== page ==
These days, everyone seems to have a 5th appendage. Two hands, two feet, and a smartphone. And there’s nowhere we aren’t checking them, scrolling, putting them in an out of our pockets. Work, home, bed, bathroom, bar. Out to dinner, at home for dinner. With your friends, in front of your family, or just by yourself. It doesn’t matter. People these days are addicted to their smartphones.
Who knows what all this screen time is doing to us. Is it making us smarter, or melting our brains slowly? The jury is still out. But the verdict’s back on texting while driving. And it’s clear, don’t do it. It’s not worth it.
Over a million car accidents a year are caused by texting and driving. Some estimates put texting while driving at 25% of all crashes. In 2018 alone, 4,637 people died in car crashes due to cell phone use.
To combat this, lawmakers across the country passed laws over the years making texting and driving illegal. 48 out of 50 states have a texting while driving ban. Only Arizona and Montana don’t. Seven other states have extremely limited texting while driving bans. Mississippi, Missouri, West Virginia and Oklahoma only ban texting and driving for minors or people with learner’s permits. New Mexico only has local ordinances against it, while Texas only outlaws it in school zones. That leaves Florida, where it’s only applicable if you’re pulled over for another crime, meaning texting and driving alone isn’t enough to pull someone over. On the other hand, 16 states have a ban on handheld/hands-free devices.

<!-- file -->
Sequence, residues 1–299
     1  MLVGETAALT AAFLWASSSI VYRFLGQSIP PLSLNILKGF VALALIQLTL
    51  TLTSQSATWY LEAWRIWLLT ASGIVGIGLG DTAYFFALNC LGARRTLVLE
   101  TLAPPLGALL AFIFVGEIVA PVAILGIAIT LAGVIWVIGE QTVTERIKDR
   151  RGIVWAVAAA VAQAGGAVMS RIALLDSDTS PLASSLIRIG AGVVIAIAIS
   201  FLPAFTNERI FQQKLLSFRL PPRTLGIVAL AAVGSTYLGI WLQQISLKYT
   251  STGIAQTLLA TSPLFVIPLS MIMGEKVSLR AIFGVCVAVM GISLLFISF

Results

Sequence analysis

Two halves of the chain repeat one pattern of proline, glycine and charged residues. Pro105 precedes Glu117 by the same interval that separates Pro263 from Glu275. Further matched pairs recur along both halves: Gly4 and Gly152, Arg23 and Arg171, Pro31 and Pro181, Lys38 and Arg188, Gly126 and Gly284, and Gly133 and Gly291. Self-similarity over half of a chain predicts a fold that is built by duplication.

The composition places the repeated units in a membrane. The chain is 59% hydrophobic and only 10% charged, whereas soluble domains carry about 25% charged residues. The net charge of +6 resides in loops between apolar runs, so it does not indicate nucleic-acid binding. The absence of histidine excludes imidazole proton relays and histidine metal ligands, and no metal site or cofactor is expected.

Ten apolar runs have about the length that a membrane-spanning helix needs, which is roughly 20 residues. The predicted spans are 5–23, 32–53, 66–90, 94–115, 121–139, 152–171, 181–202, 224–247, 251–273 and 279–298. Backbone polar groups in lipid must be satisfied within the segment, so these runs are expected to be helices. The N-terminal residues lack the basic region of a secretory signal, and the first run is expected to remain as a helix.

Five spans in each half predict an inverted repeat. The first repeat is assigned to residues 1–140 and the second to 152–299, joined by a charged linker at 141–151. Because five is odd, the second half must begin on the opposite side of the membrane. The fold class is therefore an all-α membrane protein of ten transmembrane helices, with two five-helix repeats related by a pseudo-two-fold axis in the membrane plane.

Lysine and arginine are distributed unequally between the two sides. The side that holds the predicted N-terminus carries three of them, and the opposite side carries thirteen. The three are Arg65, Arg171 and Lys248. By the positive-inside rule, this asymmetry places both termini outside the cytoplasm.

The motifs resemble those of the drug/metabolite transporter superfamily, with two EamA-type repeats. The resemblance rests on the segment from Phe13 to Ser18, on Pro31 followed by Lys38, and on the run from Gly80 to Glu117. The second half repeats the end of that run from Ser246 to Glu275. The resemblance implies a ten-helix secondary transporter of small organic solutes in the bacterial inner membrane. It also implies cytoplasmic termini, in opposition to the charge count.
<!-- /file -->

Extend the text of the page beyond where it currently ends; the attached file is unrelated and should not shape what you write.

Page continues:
TEXTING WHILE DRIVING-ILLINOIS:
In 2010, Illinois banned texting and driving. Until this year, however, that ban was relatively weak in enforcement and punishment. The first offense was a petty offense. Meaning it didn’t go against your driving record and basically was a small fine. A second violation resulted in a moving violation. However, if your texting or use of a cell phone while driving resulted in a crash causing great bodily harm or death, you were looking at a cl. A misdemeanor for great bodily harm and a cl. 4 felony if your texting caused a death.
At Robert Callahan and Associates, we think it’s important to update you on the changes in the law. Especially changes that could affect the daily lives and habits of regular people. Considering most people drive cars and even more, have smartphones, this is a development everyone needs to know about. Contact a criminal defense attorney that is up to date on the most current laws.
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